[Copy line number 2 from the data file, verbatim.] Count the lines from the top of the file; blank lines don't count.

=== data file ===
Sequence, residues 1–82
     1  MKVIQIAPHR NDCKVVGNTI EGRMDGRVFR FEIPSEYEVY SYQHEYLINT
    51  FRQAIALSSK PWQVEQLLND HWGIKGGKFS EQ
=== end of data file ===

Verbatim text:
     1  MKVIQIAPHR NDCKVVGNTI EGRMDGRVFR FEIPSEYEVY SYQHEYLINT